United States District Court, W.D. Washington, Seattle
ORDER ADOPTING REPORT AND RECOMMENDATION; MODIFYING
CASE CAPTION; AND GRANTING WRIT OF HABEAS CORPUS
J. Pechman United States District Judge.
MATTER comes before the Court on Respondents' Objections
(Dkt. No. 28) to the Report and Recommendation of the
Honorable Brian A. Tsuchida, United States Magistrate Judge.
(Dkt. No. 27.) Having reviewed the Report and Recommendation,
the Objections, the Response (Dkt. No. 30) and all related
papers, the Court ADOPTS the Report and Recommendations and
GRANTS Petitioner's 28 U.S.C. § 2241 Petition.
relevant facts and procedural background are set forth in
detail in the Report and Recommendation. (Dkt. No. 27.)
Respondents raise three objections to the Report and
Recommendation: (1) Respondents object to Magistrate Judge
Tsuchida's conclusion that the state court proceedings
violated Petitioner Said Farzad's Double Jeopardy rights,
and object to the recommendation that Petitioner's habeas
corpus petition be granted; (2) Respondents object to the
inclusion of Respondents Mark Roe and Robert Ferguson in the
caption of the Proposed Order and Proposed Judgment; and (3)
Respondents contend that Petitioner is required to exhaust
state remedies. (Dkt. No. 28 at 1-2.)
Federal Rule of Civil Procedure 72, the Court must resolve de
novo any part of the Magistrate Judge's Report and
Recommendation that has been properly objected to and may
accept, reject, or modify the recommended disposition.
Fed.R.Civ.P. 72(b)(3); see also 28 U.S.C. §
object to the Report and Recommendation's finding that
Petitioner's retrial, after the jury was unable to reach
a verdict on Count I, violated Double Jeopardy. (Dkt. No. 28
Report and Recommendation indicate that, while the jury
expressly declared that they were deadlocked as to Count II,
they did not do so as to Count I. (Dkt. No. 27 at 7-8.) The
trial court did not make further inquiry or finding as to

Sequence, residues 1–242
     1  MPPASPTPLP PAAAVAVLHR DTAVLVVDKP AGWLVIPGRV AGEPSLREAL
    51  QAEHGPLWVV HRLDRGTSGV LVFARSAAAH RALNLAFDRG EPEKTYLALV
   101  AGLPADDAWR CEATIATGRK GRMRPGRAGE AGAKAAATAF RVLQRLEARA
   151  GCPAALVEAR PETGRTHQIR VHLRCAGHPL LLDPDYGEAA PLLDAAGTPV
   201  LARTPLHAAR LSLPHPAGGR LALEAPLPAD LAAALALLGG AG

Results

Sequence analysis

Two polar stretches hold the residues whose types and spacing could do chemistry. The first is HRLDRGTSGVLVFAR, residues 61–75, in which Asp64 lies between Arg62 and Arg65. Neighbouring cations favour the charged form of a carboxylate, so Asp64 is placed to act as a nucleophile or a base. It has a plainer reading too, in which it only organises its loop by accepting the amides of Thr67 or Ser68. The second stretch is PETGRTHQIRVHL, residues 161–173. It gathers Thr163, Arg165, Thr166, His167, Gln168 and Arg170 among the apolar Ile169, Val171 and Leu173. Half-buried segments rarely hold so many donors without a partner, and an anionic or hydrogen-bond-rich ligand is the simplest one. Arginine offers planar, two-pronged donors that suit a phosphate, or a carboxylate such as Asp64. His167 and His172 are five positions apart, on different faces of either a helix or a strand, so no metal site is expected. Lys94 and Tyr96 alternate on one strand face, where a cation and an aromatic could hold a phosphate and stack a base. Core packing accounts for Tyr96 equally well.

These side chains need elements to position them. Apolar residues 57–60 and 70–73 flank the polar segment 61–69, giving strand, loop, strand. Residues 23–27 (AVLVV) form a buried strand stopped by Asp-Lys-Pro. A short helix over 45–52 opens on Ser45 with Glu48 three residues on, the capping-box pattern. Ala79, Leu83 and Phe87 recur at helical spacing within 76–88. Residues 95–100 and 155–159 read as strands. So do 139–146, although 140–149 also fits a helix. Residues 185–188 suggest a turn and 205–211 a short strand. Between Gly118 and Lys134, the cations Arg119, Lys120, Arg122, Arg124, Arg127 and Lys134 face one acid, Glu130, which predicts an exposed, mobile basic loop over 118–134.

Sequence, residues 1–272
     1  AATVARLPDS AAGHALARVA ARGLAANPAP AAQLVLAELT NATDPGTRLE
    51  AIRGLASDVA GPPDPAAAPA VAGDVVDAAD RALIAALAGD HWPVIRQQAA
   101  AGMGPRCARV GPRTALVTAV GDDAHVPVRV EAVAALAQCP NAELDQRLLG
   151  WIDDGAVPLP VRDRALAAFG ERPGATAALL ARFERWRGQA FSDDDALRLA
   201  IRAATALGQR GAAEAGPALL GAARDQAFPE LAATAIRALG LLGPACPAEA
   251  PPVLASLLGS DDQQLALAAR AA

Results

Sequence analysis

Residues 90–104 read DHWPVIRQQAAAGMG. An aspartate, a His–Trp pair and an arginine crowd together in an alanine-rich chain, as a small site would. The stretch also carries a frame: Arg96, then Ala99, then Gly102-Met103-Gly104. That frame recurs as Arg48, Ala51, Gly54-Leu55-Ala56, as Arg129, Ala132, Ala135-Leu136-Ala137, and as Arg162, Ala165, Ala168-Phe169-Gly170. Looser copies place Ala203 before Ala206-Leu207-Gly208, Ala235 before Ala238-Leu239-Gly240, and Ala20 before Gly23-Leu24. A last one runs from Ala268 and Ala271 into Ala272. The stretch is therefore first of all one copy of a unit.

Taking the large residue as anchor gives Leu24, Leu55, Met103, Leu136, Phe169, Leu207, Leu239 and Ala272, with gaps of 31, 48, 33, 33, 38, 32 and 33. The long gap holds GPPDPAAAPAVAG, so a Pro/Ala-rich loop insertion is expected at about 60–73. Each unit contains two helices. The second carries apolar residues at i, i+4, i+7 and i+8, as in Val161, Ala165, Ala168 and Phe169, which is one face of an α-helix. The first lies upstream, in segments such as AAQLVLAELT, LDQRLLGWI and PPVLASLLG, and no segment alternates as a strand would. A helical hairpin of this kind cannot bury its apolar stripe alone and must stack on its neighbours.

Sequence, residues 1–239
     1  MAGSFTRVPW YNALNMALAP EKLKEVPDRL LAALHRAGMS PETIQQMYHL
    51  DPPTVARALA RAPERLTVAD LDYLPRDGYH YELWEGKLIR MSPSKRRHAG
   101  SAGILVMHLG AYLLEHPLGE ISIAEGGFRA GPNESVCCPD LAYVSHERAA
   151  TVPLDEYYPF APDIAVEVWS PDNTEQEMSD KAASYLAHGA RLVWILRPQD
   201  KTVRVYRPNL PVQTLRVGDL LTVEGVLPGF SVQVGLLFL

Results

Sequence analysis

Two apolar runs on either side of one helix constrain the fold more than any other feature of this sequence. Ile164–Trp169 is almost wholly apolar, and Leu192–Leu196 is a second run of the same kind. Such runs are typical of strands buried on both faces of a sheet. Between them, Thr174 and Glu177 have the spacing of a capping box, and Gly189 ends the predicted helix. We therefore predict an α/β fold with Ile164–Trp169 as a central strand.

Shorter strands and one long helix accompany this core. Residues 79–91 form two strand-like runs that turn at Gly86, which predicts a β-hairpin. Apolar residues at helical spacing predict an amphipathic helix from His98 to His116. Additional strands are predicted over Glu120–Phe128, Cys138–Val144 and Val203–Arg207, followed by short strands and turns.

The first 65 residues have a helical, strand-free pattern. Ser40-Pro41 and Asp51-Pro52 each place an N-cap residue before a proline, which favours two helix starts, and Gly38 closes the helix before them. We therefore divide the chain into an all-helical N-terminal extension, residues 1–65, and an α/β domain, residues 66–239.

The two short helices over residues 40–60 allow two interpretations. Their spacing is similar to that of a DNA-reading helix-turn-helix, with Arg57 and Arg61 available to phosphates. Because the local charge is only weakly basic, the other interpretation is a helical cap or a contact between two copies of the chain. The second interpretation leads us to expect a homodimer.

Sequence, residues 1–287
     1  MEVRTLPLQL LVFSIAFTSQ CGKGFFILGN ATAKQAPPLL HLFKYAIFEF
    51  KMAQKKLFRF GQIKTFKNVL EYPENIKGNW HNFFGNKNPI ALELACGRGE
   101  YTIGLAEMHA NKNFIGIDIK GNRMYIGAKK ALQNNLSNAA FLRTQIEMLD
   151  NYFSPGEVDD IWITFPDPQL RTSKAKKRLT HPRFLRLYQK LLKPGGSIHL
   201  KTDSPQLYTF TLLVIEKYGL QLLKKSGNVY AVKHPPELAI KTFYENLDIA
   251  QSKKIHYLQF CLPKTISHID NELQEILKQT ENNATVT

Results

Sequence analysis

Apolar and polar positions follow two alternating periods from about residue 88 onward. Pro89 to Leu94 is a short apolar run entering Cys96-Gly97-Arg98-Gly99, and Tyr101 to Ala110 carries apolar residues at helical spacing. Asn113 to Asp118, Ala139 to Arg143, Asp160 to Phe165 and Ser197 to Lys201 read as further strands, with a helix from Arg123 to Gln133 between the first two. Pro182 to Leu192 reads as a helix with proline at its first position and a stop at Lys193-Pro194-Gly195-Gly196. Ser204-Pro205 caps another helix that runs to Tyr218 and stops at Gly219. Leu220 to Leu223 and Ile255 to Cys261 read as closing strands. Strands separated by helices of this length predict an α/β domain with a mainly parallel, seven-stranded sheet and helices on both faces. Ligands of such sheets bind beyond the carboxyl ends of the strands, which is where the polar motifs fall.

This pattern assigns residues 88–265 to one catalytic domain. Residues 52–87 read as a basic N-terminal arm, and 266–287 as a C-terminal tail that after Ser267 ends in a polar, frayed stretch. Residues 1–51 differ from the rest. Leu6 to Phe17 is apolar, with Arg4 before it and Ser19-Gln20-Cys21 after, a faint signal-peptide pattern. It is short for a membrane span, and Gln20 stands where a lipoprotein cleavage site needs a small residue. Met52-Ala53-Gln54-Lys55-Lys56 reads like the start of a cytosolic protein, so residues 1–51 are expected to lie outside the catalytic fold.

whether the jury was deadlocked on Count I. (Id. at
8.) Respondents contend that when Petitioner rejected the
trial court's offer to do so, he “acquiesced”
in the jury's discharge and provided “implied
consent” such that retrial was permitted. (Id.
review of the Report and Recommendation and all related
papers, the Court concludes that Petitioner's retrial
violated Double Jeopardy. In Brazzel v. Washington,
the Ninth Circuit held that “[a]n implied acquittal
occurs when a jury returns a guilty verdict as to a lesser
included or lesser alternate charge, but remains silent as to
other charges, without announcing any signs of hopeless
deadlock.” 491 F.3d 976, 981 (9th Cir. 2007). That is
precisely what occurred here. Petitioner's failure to
affirmatively request that the trial court question the
jurors as to whether they were genuinely deadlocked on Count
I does not constitute “acquiescence” or
“implied consent” allowing for retrial. Further,
contrary to Respondents' suggestion, Petitioner's
agreement to the use of the “failure to agree”
instruction does not constitute “waiver” of the
implied acquittal as this is the proper instruction in
Washington. Daniels v. Pastor, No. C09-5711BHS, 2010
WL 56041, at *4 (W.D. Wash. Jan. 6, 2010) (citation omitted).
Court concludes that Petitioner's retrial on Count I
violated Double Jeopardy.
Dismissal of Mark Roe ...